ARM's new Cortex processors will be specially tailored to Android handsets
One of the main advantages that the iPhone has enjoyed over the years is software and processors which are designed specifically to work together. This meant that even if the iPhone didn't have the technically fastest processor, its performance might be better because of optimization.
Now, thanks to the people behind ARM, the microprocessor technology that powers a plethora of mobile devices, Android will be able to get some optimization of its own. This optimization will come in the form of the Cortex A7, ARM's newest smartphone processor architecture.
According to the company, processors with the A7 architecture will be twice as powerful as the current A8 processors, while the dual-core edition will have lower power consumption and a lower cost than past chips. Supposedly, this will allow manufacturers to bring dual-core power and long battery life to cheaper feature phones by 2013. (This is assuming that future feature phones will be the Android handsets of today.)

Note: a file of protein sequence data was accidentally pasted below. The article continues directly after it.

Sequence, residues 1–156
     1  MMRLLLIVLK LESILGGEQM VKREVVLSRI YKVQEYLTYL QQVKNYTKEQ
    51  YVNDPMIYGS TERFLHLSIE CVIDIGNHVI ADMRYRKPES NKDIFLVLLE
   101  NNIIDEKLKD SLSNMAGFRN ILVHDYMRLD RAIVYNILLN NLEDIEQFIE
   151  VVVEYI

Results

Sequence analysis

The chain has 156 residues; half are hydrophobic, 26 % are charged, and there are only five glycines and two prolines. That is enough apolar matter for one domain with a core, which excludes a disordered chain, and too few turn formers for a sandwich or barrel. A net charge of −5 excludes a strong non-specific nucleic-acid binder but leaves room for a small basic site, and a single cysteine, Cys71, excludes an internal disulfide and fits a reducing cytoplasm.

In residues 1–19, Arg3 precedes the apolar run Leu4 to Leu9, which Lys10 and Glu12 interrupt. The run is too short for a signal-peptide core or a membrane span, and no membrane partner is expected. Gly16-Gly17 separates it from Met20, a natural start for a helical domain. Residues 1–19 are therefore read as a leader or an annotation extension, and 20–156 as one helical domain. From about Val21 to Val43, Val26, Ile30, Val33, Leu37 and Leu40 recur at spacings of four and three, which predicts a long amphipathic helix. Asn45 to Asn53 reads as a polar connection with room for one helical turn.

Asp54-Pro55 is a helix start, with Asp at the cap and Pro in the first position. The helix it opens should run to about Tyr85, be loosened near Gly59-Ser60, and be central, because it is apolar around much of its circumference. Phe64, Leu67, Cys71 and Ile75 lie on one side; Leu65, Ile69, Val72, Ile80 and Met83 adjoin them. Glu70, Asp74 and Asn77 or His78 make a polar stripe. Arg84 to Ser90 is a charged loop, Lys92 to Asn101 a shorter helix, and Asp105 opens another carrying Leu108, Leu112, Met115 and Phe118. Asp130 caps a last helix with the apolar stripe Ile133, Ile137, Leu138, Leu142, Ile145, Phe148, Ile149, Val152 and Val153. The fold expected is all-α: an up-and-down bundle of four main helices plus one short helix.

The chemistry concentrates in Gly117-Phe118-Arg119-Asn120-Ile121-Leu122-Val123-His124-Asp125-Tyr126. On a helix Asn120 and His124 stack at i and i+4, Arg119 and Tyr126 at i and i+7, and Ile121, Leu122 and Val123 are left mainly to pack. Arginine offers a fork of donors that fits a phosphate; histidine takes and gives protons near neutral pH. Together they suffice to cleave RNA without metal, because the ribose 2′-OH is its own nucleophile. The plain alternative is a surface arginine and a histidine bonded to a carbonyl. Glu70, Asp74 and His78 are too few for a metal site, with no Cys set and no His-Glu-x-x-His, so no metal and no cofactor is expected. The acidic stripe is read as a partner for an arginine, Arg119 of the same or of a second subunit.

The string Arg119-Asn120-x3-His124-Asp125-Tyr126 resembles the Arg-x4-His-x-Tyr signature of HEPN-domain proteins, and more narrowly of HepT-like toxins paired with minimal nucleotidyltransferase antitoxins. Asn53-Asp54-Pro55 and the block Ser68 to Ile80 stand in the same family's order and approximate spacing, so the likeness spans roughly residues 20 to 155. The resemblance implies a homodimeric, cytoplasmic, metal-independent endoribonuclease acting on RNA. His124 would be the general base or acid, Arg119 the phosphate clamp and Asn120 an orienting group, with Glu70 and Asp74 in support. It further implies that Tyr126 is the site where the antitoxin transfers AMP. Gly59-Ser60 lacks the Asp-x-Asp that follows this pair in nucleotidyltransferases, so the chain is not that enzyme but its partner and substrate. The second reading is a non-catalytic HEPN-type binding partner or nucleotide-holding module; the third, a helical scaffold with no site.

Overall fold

Low end handsets are all well and good, but what about future high-end phones? Where are those quad-core processors? Don't worry, ARM also has those covered. For high performance devices, two A7 cores can be paired with two A15 cores, creating a powerful quad-core processor.
Because the A15 cores are just higher powered versions of the A7s, the CPU will actually be able to switch loads between the cores depending on what needs to happen, which should vastly improve battery life. For example, when just taking calls and checking e-mails the two low-power A7s would be used, but when playing 3D games, the A15s kick in for a little extra oomph.
Sadly, these processors are not slated to roll out in devices until around 2013. Still, all these improvements sound great, and I know that I will be looking for Cortex A7 devices as soon as they come out.[Ars Technica]